MUT Women in Climate Change for Mitigation send a strong message to the world

They may come from MUT’s different departments and different educational backgrounds, but one thing unites them: a vision to contribute to the ‘Africa we want’. On the last day of the Africa month, they premiered in the 1KZN TV station to share their evidence-based views on what the country needs to do to make contributions to the Africa we want.

Dr Thobeka Makhathini, senior lecturer: Chemical Engineering

“Africa is blessed with natural and mineral resources, but exploitation of these resources has led to extreme pollution of the environment. Population growth and urbanisation due to infrastructure developments have also contributed immensely to the current pollution in Africa. We are saying that Africa currently contributes less than 5% of global carbon emissions but it bears the brunt of the impact of climate change. Africa should participate in global efforts for climate change mitigation and should continue to speak with one voice and unity of purpose in advancing our position and interests on climate change. Africa should fast-track the implementation of the Climate Change Programme. The programme may include resilient agricultural development programme; sustainable forest management programme, and national adaptation plans.”


Dr Xolile Mkhize: Senior lecturer: Community Extension

“Africa was never hungry. We need to solve this before 2063 through political, socio-economic, agricultural and food policy reform using centres of knowledge such as universities to promote indigenous knowledge and food, spearhead active engagement from communities in food production and local food system and get industry to become transparent on the costing of food, food quality and the nutritional value. Finally, we need the family structure to create a new mindset in terms of food consumption patterns from infancy to the entire life cycle”.



Dr Bongi Mvuyana: Acting HoD, Public Management

“There is a need to build resilient infrastructure which is inclusive and sustainable. Infrastructure development is a key driver for progress across the African continent and a critical enabler for productivity as well as sustainable economic growth.  Infrastructure development contributes significantly to human development and poverty reduction. The need for adequate infrastructure is critical to secure energy, efficient transport, reliable communication systems, resilient sanitation, and affordable housing. The current urbanization dynamics, if not controlled, could be a challenge to the development of the housing sector. Again, this could prevent the achievement of Sustainable Development Goals (SDGs) 11, which seek to ensure access for all to adequate, safe, and affordable housing and basic services and to upgrade slums, as well as the achievement of the SDGs related to poverty and inequality.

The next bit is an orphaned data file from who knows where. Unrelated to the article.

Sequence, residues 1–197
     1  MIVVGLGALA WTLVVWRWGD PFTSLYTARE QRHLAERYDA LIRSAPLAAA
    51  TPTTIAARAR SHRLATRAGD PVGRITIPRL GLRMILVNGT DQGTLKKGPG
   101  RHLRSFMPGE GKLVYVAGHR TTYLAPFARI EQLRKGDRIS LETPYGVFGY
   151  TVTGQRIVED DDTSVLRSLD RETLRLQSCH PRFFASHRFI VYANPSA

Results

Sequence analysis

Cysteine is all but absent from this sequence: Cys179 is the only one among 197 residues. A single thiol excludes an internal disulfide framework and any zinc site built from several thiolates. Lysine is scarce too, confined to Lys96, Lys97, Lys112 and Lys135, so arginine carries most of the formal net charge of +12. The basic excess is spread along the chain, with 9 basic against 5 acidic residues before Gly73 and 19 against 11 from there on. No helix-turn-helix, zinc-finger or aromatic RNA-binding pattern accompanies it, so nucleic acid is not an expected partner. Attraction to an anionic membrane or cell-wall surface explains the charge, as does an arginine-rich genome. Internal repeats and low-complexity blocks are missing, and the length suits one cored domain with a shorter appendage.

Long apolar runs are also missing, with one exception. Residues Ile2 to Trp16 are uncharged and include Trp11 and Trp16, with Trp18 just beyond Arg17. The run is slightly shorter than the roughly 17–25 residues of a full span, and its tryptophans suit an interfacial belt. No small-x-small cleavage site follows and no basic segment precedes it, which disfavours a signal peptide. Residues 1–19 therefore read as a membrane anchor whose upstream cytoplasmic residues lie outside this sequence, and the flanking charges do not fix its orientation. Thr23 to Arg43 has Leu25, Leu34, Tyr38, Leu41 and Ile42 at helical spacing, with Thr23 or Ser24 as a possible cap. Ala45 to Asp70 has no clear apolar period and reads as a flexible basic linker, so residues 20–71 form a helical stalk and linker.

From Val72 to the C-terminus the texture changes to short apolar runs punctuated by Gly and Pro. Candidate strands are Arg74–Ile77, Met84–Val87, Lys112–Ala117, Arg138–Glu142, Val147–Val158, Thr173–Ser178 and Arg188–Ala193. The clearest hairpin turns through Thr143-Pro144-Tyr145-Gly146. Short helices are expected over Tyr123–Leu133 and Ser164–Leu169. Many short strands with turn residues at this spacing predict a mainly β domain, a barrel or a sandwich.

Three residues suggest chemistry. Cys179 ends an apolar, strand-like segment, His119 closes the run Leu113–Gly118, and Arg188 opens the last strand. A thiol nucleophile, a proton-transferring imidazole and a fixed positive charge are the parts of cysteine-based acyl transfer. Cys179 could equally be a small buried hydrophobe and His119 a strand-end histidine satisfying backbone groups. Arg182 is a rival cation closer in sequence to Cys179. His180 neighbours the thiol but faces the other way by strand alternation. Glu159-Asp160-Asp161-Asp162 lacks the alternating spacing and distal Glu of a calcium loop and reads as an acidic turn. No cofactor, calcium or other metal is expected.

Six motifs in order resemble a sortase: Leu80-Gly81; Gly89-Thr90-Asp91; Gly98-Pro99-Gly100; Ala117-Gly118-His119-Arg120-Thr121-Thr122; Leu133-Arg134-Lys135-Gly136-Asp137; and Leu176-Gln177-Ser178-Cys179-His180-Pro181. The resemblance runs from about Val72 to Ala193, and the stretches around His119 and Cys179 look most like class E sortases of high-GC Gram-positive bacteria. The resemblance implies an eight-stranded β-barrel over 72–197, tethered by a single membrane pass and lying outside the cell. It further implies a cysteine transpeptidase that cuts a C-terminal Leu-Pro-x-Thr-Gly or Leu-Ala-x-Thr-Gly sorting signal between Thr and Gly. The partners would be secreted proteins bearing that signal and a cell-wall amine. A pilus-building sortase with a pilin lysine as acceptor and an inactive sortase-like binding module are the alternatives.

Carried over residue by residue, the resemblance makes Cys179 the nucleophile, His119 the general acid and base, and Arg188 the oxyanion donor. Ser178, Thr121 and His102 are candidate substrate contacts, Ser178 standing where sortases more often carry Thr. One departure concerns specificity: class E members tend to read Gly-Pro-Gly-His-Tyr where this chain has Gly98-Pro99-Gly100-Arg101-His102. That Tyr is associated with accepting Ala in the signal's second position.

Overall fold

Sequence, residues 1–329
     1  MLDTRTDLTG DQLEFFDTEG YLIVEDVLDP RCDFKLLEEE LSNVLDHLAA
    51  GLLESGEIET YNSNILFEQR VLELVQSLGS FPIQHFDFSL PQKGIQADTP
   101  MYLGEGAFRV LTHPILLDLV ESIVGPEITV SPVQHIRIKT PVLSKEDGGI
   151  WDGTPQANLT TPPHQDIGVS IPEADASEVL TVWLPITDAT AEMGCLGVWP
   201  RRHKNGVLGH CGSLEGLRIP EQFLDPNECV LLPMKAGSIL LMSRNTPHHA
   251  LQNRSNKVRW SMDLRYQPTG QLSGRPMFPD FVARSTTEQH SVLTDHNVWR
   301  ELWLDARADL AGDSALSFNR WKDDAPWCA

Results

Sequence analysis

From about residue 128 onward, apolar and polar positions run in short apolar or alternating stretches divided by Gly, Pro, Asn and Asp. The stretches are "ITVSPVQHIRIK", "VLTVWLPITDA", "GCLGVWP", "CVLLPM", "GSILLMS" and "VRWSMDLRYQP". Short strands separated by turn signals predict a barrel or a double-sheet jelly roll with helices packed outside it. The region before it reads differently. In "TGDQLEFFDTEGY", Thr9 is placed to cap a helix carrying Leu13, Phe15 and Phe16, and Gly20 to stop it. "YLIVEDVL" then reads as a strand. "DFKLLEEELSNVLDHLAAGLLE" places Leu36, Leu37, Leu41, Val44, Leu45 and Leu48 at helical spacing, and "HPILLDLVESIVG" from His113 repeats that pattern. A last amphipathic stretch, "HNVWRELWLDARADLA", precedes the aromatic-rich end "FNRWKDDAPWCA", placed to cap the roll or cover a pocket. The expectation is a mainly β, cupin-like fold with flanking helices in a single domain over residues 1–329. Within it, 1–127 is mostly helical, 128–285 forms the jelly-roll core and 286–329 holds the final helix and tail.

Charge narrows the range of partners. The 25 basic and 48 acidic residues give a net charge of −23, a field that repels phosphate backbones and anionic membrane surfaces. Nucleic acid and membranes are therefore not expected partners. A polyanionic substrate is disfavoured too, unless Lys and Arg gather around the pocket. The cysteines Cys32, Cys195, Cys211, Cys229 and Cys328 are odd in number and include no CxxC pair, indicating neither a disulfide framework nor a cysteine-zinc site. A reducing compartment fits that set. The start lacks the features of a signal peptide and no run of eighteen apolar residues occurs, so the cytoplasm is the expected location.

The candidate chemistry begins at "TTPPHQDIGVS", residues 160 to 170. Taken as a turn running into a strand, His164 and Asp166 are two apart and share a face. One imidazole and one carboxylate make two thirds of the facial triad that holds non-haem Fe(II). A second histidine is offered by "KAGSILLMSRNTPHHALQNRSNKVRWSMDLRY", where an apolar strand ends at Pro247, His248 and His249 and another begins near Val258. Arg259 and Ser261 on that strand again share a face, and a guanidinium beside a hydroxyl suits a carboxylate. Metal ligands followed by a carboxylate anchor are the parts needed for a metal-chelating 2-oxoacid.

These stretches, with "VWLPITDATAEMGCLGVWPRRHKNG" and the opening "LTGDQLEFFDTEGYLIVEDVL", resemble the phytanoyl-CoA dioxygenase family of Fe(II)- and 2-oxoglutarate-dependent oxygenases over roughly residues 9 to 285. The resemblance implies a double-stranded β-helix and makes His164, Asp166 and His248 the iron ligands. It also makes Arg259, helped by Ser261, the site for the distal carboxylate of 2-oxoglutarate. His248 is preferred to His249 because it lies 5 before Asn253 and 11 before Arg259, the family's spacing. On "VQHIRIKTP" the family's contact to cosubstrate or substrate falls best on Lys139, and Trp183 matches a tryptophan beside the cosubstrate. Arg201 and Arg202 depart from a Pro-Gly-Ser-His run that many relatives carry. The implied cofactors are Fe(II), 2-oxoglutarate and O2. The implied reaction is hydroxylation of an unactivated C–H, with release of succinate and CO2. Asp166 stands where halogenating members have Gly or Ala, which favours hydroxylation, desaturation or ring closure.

Ms Xolile Ngubane: Acting director, Technology Station in Chemicals

“With South Africa leading the national unemployment rate of 34.4%, followed by Namibia at 33.4%, Nigeria at 33.3%, and Angola taking the fifth spot at 31.6% (Statista,2022), Africa is in trouble. Strengthening the small business sector and (small, micro-, and medium enterprises (SMMEs), will enable South Africa to increase the employment base for its large number of low-skilled unemployed citizens, and more so benefit rural and township areas. The drive to support SMMEs as key employers should be supported by the review of the SA labour laws and the extent to which they discourage micro and small companies from engaging employees in meaningful full-time employment. The Post School Education and Training (PSET) sector, which incorporates TVET Colleges and Universities, has an important role to play in supporting SMMEs and innovators in the emerging “green/clean” economy.”